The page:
40 See, e.g., id.; Mas v. Miami-Dade Cty. Sch. Bd., 26 So. 3d 73, 74 (Fla. 3d DCA 2010) (remanding the case for additional rulings because “[t]he School Board is required to rule explicitly on each exception which identifies the disputed portion of the Recommended Order by page number or paragraph”). But see Miami-Dade Cty. v. Dep’t of Cmty. Affairs, 29 So. 3d 1210 (Fla. 1st DCA 2010) (recognizing that a complete failure to consider or make explicit rulings on each exception to recommended order renders an order nonfinal, but declining to extend such holding to a situation in which they agency clearly considered exceptions, but failed to rule on each exception individually); Health Care Mgmt., Inc. v. Dep’t of Health & Rehab. Servs., 479 So. 2d 193, 195 (Fla. 1st DCA 1985) (holding that the failure to explicitly address a proposed finding “would require reversal of the agency action only when such failure has the effect of impairing the fairness of the proceeding or the correctness of the action”).
41 Fla. Stat. §120.57(1)(l); Roberts v. Dep’t of Corr., 690 So. 2d 1383, 1384 (Fla. 1st DCA 1997); Financial Marketing Group, Inc. v. Sate Dep’t of Banking & Finance, Div. of Securities, 352 So. 2d 524, 525 (Fla. 3d DCA 1977).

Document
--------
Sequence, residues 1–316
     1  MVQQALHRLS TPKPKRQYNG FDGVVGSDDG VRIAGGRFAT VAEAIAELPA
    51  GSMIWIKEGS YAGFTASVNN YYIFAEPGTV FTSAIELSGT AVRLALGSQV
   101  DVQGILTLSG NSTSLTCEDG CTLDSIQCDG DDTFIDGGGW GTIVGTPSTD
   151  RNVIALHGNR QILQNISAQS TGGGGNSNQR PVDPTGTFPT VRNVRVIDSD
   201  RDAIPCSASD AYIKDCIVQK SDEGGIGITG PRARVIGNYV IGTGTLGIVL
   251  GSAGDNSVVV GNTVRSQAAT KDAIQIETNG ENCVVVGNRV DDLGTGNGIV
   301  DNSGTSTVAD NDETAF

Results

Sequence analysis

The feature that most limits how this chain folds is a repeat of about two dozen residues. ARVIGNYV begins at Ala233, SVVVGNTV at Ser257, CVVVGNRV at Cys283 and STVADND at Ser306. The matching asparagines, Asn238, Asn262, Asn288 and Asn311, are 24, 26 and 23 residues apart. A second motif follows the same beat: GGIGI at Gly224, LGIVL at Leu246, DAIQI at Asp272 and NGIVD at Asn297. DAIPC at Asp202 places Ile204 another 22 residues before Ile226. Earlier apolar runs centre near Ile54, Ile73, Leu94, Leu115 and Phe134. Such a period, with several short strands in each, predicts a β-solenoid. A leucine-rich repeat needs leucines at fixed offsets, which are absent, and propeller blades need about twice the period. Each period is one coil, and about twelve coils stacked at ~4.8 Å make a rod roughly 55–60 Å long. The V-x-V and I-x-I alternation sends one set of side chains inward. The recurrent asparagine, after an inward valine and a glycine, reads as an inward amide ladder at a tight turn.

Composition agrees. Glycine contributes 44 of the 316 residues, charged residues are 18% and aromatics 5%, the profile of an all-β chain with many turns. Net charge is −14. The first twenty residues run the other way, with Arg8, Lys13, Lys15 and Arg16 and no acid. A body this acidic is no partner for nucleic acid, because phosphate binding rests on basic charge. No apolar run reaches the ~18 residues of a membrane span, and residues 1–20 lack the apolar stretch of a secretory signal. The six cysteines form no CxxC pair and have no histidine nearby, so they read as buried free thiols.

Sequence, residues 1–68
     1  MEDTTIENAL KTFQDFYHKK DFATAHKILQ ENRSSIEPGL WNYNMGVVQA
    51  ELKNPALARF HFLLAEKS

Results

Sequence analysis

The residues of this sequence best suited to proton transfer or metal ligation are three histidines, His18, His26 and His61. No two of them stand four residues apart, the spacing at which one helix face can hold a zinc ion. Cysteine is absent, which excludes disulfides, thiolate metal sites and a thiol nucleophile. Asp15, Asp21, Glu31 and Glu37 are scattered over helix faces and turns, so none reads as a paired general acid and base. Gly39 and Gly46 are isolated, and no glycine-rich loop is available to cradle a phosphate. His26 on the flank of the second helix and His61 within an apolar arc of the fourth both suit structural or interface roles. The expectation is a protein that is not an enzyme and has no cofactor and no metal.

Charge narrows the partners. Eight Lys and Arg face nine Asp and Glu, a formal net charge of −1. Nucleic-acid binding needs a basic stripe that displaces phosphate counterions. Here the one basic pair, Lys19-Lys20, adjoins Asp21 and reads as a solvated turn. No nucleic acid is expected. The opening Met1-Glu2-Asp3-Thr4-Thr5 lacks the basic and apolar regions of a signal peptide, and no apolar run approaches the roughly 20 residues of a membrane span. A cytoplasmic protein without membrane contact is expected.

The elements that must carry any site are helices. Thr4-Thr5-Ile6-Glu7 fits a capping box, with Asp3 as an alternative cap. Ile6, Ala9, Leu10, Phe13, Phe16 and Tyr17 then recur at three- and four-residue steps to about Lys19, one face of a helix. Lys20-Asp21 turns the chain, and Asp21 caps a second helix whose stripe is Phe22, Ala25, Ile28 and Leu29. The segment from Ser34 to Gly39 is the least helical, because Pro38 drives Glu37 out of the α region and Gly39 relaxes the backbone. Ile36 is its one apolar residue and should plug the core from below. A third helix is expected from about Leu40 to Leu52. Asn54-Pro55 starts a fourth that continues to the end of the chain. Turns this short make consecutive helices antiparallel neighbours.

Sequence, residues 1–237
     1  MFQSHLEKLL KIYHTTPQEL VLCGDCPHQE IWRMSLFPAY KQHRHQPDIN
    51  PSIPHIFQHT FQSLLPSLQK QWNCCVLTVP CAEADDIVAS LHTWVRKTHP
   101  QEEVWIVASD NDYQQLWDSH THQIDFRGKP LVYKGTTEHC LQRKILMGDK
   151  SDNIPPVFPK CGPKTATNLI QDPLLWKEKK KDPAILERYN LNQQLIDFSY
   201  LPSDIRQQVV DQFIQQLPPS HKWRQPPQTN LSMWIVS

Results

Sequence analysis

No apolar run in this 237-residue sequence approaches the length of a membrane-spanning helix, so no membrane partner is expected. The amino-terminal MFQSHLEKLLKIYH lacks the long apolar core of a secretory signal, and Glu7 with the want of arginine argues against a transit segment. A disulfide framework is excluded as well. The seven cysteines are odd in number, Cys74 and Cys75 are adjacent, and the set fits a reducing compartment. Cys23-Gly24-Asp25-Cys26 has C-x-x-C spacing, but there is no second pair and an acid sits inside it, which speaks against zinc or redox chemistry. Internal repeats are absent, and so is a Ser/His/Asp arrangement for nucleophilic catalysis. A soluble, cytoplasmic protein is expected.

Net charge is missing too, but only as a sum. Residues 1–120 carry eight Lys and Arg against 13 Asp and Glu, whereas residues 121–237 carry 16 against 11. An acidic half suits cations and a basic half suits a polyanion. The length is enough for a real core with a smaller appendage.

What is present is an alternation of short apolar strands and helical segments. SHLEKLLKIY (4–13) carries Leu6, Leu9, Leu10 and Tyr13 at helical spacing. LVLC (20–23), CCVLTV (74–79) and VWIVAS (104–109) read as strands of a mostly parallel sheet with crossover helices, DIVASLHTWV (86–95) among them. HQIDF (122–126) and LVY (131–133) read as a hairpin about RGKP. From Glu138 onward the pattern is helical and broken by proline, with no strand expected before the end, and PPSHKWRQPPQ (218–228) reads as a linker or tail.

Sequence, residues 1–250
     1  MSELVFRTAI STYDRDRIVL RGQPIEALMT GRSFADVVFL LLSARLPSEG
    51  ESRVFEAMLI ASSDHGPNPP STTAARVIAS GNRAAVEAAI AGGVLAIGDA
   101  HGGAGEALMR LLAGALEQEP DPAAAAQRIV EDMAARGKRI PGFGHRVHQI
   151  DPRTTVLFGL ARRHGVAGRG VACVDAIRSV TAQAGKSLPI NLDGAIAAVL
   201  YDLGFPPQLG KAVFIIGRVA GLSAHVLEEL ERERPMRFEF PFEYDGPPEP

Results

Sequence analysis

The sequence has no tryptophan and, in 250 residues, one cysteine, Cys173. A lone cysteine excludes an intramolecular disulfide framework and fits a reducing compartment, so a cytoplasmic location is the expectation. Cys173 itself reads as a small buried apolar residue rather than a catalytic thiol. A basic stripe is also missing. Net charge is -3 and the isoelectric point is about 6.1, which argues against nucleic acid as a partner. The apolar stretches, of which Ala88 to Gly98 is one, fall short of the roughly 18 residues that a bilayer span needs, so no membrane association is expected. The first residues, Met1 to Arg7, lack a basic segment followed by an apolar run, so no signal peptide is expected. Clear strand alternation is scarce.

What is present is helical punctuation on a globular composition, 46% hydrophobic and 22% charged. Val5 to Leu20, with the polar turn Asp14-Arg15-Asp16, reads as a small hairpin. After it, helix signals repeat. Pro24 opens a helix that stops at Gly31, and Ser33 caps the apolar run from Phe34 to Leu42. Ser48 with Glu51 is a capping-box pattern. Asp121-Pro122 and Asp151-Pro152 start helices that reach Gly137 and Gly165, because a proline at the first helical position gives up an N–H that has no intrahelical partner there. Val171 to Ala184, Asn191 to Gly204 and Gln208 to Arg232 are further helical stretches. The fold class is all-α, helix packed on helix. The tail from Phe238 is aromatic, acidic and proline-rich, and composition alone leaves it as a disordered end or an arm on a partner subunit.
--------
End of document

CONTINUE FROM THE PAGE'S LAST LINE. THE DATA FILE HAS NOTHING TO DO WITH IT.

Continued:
42 Florida Administrative Practice §4.2 (11th ed. 2017).
Gregg R. Morton is a hearing officer and deputy general counsel with the Public Employees Relations Commission in Tallahassee. He received his J.D. from the University of Florida Levin College of Law in 2000. Morton is a long-time member of the Administrative Law Section and also serves on the Labor & Employment Law Section’s Executive Council. Additionally, he is the 2017-2018 chair of the new Animal Law Section of The Florida Bar.
Lyyli Van Whittle is a hearing officer with the Public Employees Relations Commission in Tallahassee. She previously served as the career staff attorney for Florida Supreme Court Justice Barbara J. Pariente. She received her J.D. from the Florida State University College of Law in 1998. Van Whittle is an active member of the Administrative Law Section, the Labor and Employment Law Section, and the William H. Stafford American Inn of Court.
This column is submitted on behalf of the Administrative Law Section, Robert H. Hosay, chair, and Stephen Emmanuel, editor.